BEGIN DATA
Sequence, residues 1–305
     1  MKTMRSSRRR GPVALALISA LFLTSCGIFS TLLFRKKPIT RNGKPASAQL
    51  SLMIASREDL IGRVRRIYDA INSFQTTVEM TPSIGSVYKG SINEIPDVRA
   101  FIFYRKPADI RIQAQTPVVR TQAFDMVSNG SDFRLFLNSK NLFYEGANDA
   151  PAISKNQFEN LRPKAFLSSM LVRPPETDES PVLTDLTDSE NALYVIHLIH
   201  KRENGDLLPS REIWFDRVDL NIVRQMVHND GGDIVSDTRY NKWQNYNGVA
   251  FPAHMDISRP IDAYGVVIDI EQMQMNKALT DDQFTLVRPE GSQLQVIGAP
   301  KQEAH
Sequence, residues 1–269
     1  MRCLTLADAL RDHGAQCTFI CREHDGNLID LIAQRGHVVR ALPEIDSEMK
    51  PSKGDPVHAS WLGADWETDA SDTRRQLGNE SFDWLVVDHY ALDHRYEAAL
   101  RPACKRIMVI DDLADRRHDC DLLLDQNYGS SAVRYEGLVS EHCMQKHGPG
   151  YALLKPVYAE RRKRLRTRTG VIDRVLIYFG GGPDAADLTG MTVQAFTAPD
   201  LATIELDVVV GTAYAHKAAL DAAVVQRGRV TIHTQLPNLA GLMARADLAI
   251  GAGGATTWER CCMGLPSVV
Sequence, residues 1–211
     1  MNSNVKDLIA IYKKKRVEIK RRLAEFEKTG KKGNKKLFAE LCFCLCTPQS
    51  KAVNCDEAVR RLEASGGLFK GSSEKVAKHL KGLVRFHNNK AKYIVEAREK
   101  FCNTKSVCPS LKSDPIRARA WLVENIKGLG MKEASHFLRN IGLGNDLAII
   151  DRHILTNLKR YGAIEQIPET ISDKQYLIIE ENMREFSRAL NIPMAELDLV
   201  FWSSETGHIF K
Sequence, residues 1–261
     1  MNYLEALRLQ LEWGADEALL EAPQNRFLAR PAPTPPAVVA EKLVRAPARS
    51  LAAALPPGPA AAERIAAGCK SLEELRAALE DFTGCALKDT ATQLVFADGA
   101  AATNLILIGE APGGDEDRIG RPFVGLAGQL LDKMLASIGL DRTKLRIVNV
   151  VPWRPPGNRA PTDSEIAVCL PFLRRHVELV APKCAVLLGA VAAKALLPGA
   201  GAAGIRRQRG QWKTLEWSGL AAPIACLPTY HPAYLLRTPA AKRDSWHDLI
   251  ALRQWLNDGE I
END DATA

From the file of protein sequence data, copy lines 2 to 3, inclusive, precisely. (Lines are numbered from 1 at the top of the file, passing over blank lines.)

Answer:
     1  MKTMRSSRRR GPVALALISA LFLTSCGIFS TLLFRKKPIT RNGKPASAQL
    51  SLMIASREDL IGRVRRIYDA INSFQTTVEM TPSIGSVYKG SINEIPDVRA